Spring‐fall asymmetry in VLF amplitudes recorded in the North Atlantic region: The fall‐effect
A spring-fall asymmetry is observed in daytime amplitude values of very low frequency (VLF) radio wave signals propagating over the North Atlantic during 2011–2019. We explore the processes behind this asymmetry by comparing against mesospheric mean temperatures and the semidiurnal solar tide (S2) in mesospheric winds. The solar radiation influence on VLF subionospheric propagation was removed from the daytime VLF amplitude values, isolating the fall-effect. Similarly, the symmetric background level was removed from mesospheric mean temperatures undertaking comparable analysis. During fall, all three parameters analyzed experience significant deviation from their background levels. The VLF amplitude variation during spring is explained by the seasonal variation in solar illumination conditions, while the fall-effect can be interpreted as a mean zonal wind reversal associated with both a S2 enhancement, and temperature reductions. Decreases in temperature can produce decreases in collision frequency, reducing VLF signal absorption, driving the observed VLF asymmetry.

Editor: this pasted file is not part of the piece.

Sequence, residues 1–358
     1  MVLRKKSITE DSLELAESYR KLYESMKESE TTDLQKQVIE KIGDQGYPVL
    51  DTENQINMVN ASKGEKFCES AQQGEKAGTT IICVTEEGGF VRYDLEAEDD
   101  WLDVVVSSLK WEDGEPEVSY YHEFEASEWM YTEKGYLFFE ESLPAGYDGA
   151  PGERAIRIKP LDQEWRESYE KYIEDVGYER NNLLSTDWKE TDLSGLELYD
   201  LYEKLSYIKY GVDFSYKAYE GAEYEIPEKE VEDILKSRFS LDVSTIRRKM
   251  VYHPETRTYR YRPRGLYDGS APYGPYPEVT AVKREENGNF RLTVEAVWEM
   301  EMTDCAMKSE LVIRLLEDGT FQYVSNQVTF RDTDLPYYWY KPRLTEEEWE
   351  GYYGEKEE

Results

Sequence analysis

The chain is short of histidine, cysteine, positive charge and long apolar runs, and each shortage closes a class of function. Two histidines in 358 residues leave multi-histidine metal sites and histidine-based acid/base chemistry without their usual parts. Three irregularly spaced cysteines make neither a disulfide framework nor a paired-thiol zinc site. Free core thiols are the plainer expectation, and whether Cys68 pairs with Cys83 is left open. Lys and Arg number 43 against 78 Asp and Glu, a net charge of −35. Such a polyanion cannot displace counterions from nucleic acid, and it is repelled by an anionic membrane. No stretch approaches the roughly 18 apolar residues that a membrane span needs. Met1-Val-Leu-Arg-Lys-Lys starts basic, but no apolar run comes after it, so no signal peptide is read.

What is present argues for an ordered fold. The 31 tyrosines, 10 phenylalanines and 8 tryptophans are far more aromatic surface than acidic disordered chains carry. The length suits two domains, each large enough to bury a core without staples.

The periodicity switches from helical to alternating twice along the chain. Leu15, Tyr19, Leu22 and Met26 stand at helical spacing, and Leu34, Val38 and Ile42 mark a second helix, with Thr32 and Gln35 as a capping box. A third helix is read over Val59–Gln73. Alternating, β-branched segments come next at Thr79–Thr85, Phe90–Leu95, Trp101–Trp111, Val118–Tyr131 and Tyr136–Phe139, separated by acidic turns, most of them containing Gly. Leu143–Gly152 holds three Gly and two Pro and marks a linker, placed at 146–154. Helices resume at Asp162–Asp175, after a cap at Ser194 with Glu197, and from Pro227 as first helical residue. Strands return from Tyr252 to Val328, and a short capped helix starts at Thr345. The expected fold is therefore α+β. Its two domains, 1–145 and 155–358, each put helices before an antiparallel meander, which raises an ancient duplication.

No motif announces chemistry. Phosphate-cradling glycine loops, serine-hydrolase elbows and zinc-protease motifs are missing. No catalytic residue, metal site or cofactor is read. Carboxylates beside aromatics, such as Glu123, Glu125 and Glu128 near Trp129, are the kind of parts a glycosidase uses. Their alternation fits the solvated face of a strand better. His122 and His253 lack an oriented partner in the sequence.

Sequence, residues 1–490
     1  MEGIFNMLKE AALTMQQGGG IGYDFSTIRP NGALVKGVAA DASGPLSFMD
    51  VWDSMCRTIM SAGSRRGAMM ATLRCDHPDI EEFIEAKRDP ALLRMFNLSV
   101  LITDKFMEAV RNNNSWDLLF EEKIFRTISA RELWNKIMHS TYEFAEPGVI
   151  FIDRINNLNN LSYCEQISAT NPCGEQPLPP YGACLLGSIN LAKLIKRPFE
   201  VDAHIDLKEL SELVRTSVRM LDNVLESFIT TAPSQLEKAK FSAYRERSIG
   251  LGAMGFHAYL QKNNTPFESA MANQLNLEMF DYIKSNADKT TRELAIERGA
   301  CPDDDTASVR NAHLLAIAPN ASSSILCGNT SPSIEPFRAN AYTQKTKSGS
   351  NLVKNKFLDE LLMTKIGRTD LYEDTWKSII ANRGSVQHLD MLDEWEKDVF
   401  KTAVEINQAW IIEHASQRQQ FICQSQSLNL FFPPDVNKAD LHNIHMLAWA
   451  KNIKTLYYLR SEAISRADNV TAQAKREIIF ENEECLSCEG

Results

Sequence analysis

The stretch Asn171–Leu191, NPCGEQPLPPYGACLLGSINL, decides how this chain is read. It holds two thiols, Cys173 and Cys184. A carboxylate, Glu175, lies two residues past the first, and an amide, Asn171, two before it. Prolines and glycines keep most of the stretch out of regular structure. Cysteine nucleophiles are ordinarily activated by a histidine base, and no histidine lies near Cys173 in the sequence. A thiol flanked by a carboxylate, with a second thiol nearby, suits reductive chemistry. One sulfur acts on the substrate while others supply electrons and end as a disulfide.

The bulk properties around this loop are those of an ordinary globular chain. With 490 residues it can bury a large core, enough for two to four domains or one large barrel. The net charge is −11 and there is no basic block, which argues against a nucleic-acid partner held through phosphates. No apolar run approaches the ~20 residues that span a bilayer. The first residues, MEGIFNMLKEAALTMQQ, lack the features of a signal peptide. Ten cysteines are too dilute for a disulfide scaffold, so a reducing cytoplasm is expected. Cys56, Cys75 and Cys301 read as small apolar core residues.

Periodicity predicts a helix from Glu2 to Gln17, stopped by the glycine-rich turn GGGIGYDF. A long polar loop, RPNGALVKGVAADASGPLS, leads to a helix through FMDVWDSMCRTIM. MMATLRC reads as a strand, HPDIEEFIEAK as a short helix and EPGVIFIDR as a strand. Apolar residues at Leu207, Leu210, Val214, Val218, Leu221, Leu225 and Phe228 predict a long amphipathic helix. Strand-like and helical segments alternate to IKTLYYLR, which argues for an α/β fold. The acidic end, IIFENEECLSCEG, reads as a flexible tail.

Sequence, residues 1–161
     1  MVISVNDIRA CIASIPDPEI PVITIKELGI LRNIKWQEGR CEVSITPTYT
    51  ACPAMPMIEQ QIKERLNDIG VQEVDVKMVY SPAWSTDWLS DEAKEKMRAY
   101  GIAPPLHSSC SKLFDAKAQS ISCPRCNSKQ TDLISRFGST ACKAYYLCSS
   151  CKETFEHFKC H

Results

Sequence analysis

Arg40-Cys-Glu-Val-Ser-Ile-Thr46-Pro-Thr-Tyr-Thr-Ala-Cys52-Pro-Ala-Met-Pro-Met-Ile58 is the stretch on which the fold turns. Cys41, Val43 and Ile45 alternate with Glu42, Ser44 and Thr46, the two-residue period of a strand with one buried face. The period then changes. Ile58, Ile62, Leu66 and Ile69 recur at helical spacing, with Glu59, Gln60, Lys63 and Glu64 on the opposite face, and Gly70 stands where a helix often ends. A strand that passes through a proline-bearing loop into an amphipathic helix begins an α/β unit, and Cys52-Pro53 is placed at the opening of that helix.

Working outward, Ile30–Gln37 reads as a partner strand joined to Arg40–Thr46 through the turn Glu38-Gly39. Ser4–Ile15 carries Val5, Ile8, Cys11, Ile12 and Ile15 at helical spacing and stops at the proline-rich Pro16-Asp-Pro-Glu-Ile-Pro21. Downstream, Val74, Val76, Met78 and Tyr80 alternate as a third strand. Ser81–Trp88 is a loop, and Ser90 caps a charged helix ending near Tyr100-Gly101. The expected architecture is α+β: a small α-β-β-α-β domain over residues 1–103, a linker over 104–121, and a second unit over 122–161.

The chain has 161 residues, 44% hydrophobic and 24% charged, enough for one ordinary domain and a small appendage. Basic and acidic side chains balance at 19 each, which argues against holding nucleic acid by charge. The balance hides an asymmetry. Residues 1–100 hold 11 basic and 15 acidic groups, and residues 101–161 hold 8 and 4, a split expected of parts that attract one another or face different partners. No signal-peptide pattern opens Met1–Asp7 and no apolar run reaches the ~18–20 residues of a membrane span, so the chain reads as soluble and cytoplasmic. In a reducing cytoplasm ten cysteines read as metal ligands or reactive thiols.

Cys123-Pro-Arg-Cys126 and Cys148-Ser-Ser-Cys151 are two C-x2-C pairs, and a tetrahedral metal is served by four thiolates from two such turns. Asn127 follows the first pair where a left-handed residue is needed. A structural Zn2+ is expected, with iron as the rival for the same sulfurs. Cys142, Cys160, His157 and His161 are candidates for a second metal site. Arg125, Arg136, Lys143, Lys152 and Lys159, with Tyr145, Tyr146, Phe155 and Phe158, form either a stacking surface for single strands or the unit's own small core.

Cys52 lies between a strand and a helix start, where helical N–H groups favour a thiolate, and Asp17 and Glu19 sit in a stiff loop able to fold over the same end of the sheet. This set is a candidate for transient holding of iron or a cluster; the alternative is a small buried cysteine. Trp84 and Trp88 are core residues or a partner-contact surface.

Authors: Macotela, E.L., Clilverd, M. ORCID record for M. Clilverd, Renkwitz, T., Chau, J., Manninen, J., Banyś, D.